What if………?

March 20, 2015

The Greek Finance Minister Yanis Varoufakis has posted an interesting short piece on his blog making some very important points about the Greek-Germany debt issue. He raises an interesting ‘what if….” question.

Varoufakis says:

“I opposed the 2010 and 2012 ‘bailout’ loans from German and other European taxpayers because:
▪ the new loans represented not a bailout for Greece but a cynical transfer of losses from the books of the private banks to the weak shoulders of the weakest of Greek citizens. (How many of Europe’s taxpayers, who footed these loans, know that more than 90% of the €240 billion borrowed by Greece went to financial institutions, not to the Greek state or its citizens?)
▪ it was obvious that, at a time Greece could not repay its existing loans, the austerity conditions for giving Greece the new loans would crush Greek nominal incomes, making our debt even less sustainable
▪ the ‘bailout’ burden would, sooner or later, weigh down German and other European taxpayers once the weaker Greeks buckled under their mountainous debts (as moneyed Greeks had already shifted their deposits to Frankfurt, London etc.)
▪ misleading peoples and Parliaments by presenting a bank bailout as an act of ‘solidarity to Greece’ would turn Germans against Greeks, Greeks against Germans and, eventually, Europe against itself.
In 2010 Greece owed not one euro to German taxpayers. We had no right to borrow from them, or from other European taxpayers, while our public debt was unsustainable. Period!”

As Varoufakis points out in 2010 when the Greek public debt became unmanageable Greece owed not one euro to German taxpayers, or to any other EU member state or institution. It owed a lot of money to banks, mostly French, German and Greek banks.

Varoufakis argues, correctly in my opinion, that it was a great mistake to borrow the money from the rest of the EU to pay those bank debts and that Greece should have simply defaulted. If that had happened the IMF would have become involved immediately, as it always does in the case of national defaults, and taken the lead in restructuring the Greek public finances and restructuring the debt. This would have involved, as always does in the case of national defaults, painful costs for the debtor and for creditors. Greece would have undergone a difficult process of restructuring its public finances and the creditors, the banks, would have been forced to accept a signifiant write down on the Greek debt they were holding. With the Greek debt significantly written down, and once the difficult immediate post default phase was over, Greece could have started to recover.

As a result of a default the Greek banking system would have been in a mess but so would the banking systems in Germany and France. Given the scale of the Greek default, and the weak state of the financial system following the credit crisis of 2007, many Greek, German and French banks would have been either insolvent or suffering severe liquidity problems. This would have meant that the European Central Bank would have been forced to extend emergency liquidity support to a large number of banks and that the French and German governments would have had to finance a recapitalisation of big chunks of their national banking system. This sort of direct bank bail out is what happened in the UK. The UK government gave money and guarantees directly to various UK banks, what it didn’t do was give money to the bank’s debtors so they could pay the banks.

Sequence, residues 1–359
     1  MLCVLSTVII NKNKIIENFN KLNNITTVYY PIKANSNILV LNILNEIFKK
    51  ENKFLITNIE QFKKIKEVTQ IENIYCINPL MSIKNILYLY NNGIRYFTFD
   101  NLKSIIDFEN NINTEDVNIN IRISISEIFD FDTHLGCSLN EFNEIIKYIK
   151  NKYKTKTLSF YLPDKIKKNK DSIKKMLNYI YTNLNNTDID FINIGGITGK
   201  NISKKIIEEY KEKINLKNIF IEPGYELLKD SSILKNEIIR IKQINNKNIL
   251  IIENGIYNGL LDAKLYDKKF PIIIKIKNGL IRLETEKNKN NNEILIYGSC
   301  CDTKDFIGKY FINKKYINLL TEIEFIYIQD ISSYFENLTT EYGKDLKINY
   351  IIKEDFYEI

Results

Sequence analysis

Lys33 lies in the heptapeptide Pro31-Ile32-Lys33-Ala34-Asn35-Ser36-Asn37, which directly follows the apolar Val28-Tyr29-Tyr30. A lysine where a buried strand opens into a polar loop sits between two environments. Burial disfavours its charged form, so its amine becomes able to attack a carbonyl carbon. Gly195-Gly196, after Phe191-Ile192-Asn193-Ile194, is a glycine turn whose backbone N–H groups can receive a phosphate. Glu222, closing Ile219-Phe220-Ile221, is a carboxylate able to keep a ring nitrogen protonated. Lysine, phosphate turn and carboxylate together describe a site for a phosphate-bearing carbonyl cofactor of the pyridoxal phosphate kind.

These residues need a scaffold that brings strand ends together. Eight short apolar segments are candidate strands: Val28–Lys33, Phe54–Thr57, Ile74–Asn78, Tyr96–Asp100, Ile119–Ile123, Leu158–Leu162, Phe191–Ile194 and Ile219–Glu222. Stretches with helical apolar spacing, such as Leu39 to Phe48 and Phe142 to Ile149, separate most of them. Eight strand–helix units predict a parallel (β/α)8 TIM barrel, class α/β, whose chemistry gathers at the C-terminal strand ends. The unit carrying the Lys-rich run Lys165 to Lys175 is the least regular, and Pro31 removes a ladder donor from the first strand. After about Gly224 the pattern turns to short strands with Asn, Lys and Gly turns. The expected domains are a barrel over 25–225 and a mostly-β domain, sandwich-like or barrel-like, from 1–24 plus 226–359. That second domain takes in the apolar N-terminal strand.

If this alternative approach, of a Greek default, had been taken then there would probably have been great anger directed at the banking system in France and Germany and none of this would have involved any financial transfers to Greece by other EU member states. The political situation within the eurozone might have looked very different. European solidarity might not have been poisoned.

The point of all this is not to muse about what might have been but to be clear that the dire current situation in the eurozone, the intense fractious problems embroiling Germany and Greece, the breakdown of European solidarity and transformation of a banking crisis into a crisis of national relationships, are the result of specific political decisions. And that those political decision had very specific consequences.

If Greece had defaulted on its debts then significant parts of the eurozone banking system would have faced collapse. It would have been utterly disastrous and recklessly irresponsible to allow such a collapse to take place so the banks would have had to be saved and that would have involved spending a lot of money. But the difference in a Greek default scenario is that the costs of saving the banks would have fallen across the entire eurozone and would not have been concentrated on the shoulders of the poorest sections of the Greek population.

All financial speculative booms that end in busts involve costs which somebody has to pay. The issue is who pays those costs and what are the political implications. The route that was actually taken, rather than allowing Greece to default, means that the costs are borne by some of the poorest citizens in Europe and the cost mechanism, transfers between governments, is precisely the mechanism most likely to undermine European solidarity and trust.

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